April 2014
Volume 55, Issue 13
Free
ARVO Annual Meeting Abstract  |   April 2014
A molecular genetics study on Stevens-Johnson Syndrome
Author Affiliations & Notes
  • Sushil Kumari Sangwan
    Anatomy, All India Institute of Medical Sciences, New Delhi, India
  • Arundhati Sharma
    Anatomy, All India Institute of Medical Sciences, New Delhi, India
  • Namrata Sharma
    Dr.Rajendra Prasad Centre for Opthalmic Sciences, All India Institute of Medical Sciences, New Delhi, India
  • Neena Khanna
    Dermatology and Venerology, All India Institute of Medical Sciences, New Delhi, India
  • Tushar Agarwal
    Dr.Rajendra Prasad Centre for Opthalmic Sciences, All India Institute of Medical Sciences, New Delhi, India
  • Rasik B. Vajpayee
    Dr.Rajendra Prasad Centre for Opthalmic Sciences, All India Institute of Medical Sciences, New Delhi, India
    Centre for Eye Research, University of Melbourne, Melbourne, SA, Australia
  • Footnotes
    Commercial Relationships Sushil Kumari Sangwan, None; Arundhati Sharma, None; Namrata Sharma, None; Neena Khanna, None; Tushar Agarwal, None; Rasik B. Vajpayee, None
  • Footnotes
    Support None
Investigative Ophthalmology & Visual Science April 2014, Vol.55, 6421. doi:
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      Sushil Kumari Sangwan, Arundhati Sharma, Namrata Sharma, Neena Khanna, Tushar Agarwal, Rasik B. Vajpayee, ; A molecular genetics study on Stevens-Johnson Syndrome. Invest. Ophthalmol. Vis. Sci. 2014;55(13):6421.

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      © ARVO (1962-2015); The Authors (2016-present)

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Abstract

Purpose: Stevens-Johnson syndrome (SJS) is an acute inflammatory vesiculobullous reaction of the skin and mucous membranes and corneal damage is the most severe long-term complication for survivors resulting in permanent visual loss. Genetic predisposition is postulated with the involvement of the MHC and interleukin loci along with raised levels of apoptotic markers. The present study reports on the molecular screening of the interleukin genes and levels of Granulysin and sFas-L in these patients.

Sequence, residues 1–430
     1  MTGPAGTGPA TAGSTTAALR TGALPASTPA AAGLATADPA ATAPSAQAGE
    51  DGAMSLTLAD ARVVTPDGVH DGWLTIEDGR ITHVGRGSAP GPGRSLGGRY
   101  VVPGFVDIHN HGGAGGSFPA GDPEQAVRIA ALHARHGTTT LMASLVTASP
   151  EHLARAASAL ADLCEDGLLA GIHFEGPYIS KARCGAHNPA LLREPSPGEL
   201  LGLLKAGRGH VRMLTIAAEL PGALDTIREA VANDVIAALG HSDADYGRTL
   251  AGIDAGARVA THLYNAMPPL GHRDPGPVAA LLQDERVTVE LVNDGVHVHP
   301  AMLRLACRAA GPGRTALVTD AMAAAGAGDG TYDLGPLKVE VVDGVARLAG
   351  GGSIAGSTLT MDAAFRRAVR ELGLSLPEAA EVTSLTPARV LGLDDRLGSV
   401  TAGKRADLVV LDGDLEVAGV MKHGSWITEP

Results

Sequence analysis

Methods: One hundred sixty-five patients (78 females and 87 males) clinically diagnosed with SJS were recruited from the outpatient Department of Rajendra Prasad Centre for Ophthalmic Sciences, AIIMS from July 2011-Oct 2013. Peripheral blood samples were used to isolate DNA and serum. Extracted DNA was used to perform PCR amplification followed by direct sequencing to look for changes in the interleukins IL-4, IL-4R and IL-13 and serum was used to check the levels of apoptotic markers by sandwich ELISA.

Results: The patients were examined under slit-lamp and evaluated for typical characteristics of SJS like affected cornea, conjuctiva and eyelids. Screening of IL-13 coding region revealed reported A/G polymorphism (rs20541) in 38% patients, IL-4 revealed reported T/C change (rs2243250) in 35%. IL-4R analysis identified reported A/G polymorphism (rs1801275) in another 33% of individuals. IL-13 promoter region was also screened and C/T change (rs1800925) identified in 28% individuals. Novel changes were detected in IL-13 in about 3% of the individuals. Apoptotic markers showed raised levels of Granulysin (mean 5.6 ng/ml) and sFas-L (mean 146 pg/ml) in patients in comparison to healthy controls (1.47 ng/ml; 87 pg/ml respectively).

Conclusions: The present case-control study adds to the repertoire of SNPs, especially the IL-13 coding and promoter region showing novel as well as reported changes in the patients suggesting an important role for IL-13. Raised levels of Granulysin and sFas-L indicate the severity of disease. Together, these may be used to identify at risk individuals based on their genetic makeup and may in future facilitate better management of this uncommon condition.

Keywords: 537 gene screening • 490 cytokines/chemokines • 539 genetics  
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